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  • Writer's pictureRealtor Annie

How to Organize Your Pantry Like a Pro (Or At Least Like Someone Who Knows What They’re Doing)




Learn how to organize your pantry like a pro with these four simple steps. Transform your pantry from chaos to order and enjoy your food without stress.

Here are some tips on how to organize your pantry like a pro, or at least like someone who knows what they’re doing. I’ll be using examples from properties in Salt Lake City, because that’s where I live and because I’m biased. But you can apply these principles to any pantry, no matter where you are.


Step 1: Empty your pantry and clean it


The first step is to empty your entire pantry and clean it thoroughly. This will give you a fresh start and a chance to see what you have and what you don’t need. Check the expiration dates of everything and toss anything that’s past its prime or that you don’t use. You might be surprised by how much space you free up by getting rid of the clutter.


Step 2: Categorize your items by theme

The next step is to group your items by theme, not by size or shape. This will make it easier to find what you need and to plan your meals. Some common themes are:

  • Snacks: This is where you keep your chips, crackers, granola bars, nuts, dried fruits, etc. Anything that you can grab and go or munch on while watching Netflix.

  • Baking: This is where you keep your flour, sugar, baking soda, baking powder, vanilla extract, chocolate chips, etc. Anything that you need to make cookies, cakes, pies, or bread.

  • Drinks: This is where you keep your coffee, tea, hot chocolate, juice, soda, etc. Anything that you drink or mix with water.

  • Condiments: This is where you keep your ketchup, mustard, mayo, salsa, soy sauce, vinegar, etc. Anything that you add to your food to enhance the flavor.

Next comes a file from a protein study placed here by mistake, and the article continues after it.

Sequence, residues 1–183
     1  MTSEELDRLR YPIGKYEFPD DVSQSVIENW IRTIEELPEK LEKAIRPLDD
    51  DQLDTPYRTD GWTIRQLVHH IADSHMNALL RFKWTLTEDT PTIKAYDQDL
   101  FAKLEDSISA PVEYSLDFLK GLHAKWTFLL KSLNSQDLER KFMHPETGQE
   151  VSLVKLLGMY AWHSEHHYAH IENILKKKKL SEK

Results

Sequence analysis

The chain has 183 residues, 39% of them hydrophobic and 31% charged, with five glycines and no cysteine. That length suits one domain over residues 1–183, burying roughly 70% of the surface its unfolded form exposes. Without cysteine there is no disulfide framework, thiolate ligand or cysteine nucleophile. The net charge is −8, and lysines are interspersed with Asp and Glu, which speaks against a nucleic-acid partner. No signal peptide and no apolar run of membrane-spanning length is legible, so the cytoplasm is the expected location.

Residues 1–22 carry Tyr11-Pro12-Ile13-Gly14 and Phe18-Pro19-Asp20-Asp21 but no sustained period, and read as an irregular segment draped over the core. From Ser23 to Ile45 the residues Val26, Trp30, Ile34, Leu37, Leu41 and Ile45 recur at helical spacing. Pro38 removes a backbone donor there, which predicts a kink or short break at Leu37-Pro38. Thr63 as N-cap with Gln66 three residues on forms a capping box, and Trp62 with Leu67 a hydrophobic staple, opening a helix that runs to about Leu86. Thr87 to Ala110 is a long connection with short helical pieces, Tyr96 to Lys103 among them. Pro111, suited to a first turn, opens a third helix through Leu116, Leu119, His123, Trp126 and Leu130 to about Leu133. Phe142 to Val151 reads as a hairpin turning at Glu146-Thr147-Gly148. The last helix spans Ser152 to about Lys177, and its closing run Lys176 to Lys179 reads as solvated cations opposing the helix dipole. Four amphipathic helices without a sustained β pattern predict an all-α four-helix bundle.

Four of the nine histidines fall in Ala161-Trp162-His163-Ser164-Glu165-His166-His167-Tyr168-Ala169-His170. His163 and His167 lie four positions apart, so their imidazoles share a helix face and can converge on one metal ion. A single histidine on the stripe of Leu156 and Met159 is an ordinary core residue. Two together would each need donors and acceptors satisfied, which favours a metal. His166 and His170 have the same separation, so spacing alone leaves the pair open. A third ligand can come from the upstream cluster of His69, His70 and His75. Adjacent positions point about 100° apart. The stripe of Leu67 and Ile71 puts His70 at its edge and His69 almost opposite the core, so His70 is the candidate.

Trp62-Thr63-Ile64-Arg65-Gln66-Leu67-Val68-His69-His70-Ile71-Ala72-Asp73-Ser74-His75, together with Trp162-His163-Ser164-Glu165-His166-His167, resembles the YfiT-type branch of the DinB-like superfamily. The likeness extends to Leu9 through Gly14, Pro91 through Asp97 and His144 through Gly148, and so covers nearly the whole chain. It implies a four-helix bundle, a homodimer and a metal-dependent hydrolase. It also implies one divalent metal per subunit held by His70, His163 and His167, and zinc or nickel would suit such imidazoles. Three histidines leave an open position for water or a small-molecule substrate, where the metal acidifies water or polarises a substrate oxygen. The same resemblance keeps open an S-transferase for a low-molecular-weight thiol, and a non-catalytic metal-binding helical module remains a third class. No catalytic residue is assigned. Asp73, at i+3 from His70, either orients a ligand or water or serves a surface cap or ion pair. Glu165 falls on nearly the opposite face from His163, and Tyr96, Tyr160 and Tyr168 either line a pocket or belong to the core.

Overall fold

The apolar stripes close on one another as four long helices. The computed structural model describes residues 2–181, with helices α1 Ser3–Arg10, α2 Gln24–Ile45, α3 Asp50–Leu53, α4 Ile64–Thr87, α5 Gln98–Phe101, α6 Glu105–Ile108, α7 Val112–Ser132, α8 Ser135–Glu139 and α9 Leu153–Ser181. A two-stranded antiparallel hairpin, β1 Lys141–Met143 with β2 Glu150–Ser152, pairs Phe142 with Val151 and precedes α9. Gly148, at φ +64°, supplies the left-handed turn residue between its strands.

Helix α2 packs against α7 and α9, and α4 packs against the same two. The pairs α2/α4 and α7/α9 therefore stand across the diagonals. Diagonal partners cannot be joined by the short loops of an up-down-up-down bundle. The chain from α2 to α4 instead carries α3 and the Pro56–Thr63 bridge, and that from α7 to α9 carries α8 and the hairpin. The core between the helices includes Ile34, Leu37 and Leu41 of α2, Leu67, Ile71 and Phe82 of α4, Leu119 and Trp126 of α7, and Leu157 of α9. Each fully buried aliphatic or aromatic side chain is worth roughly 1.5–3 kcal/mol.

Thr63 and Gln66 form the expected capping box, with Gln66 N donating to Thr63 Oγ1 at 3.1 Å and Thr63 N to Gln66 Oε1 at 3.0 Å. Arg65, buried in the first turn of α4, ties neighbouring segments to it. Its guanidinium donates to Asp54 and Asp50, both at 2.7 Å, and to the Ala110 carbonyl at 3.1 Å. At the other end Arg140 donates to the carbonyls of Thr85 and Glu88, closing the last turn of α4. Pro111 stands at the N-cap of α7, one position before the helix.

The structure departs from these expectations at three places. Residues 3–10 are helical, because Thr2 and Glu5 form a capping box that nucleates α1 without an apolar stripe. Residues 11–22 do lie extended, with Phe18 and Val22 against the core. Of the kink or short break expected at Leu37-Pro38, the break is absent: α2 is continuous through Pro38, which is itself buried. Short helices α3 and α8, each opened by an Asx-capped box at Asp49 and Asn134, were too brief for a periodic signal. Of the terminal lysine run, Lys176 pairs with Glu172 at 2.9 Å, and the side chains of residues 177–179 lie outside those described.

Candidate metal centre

• Cooking: This is where you keep your oils, broths, canned tomatoes, canned beans, pasta, rice, etc. Anything that you use to cook your main dishes.

You can also create more specific themes, such as breakfast, lunch, dinner, spices, or international cuisine. It’s up to you and your preferences.

Step 3: Use clear containers and labels

The third step is to use clear containers and labels to store your items. Clear containers will let you see what you have and how much you have left. Labels will help you identify your items and keep them organized. You can use glass jars, plastic bins, baskets, or whatever works for you. Just make sure they are stackable, airtight, and easy to open and close.

Here are some examples of how to use containers and labels for different themes:

  • Snacks: You can use large open bins or baskets to store your snacks. Label them with the type of snack, such as chips, crackers, or nuts. You can also use smaller containers or ziplock bags to portion out your snacks and keep them fresh.